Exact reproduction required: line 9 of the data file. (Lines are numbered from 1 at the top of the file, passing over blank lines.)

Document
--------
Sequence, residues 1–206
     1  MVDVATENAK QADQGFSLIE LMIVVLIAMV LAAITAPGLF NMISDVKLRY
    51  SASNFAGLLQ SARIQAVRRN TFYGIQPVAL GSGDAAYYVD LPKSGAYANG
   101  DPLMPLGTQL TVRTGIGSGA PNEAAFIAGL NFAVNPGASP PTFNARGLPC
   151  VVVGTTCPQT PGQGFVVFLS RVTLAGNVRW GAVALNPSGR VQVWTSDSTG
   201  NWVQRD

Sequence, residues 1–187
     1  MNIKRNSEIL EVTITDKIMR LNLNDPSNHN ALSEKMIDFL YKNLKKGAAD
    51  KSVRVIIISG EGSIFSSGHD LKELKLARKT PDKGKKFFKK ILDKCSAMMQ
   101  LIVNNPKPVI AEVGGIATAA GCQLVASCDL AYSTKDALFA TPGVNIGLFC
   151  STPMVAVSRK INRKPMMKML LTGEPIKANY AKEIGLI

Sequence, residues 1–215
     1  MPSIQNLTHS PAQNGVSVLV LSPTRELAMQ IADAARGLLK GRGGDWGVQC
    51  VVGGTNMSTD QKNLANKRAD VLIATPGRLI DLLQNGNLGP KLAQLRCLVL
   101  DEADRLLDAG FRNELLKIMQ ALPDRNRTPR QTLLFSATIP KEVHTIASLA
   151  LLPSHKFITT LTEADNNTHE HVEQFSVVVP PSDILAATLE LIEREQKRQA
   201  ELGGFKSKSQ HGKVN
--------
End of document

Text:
    51  KSVRVIIISG EGSIFSSGHD LKELKLARKT PDKGKKFFKK ILDKCSAMMQ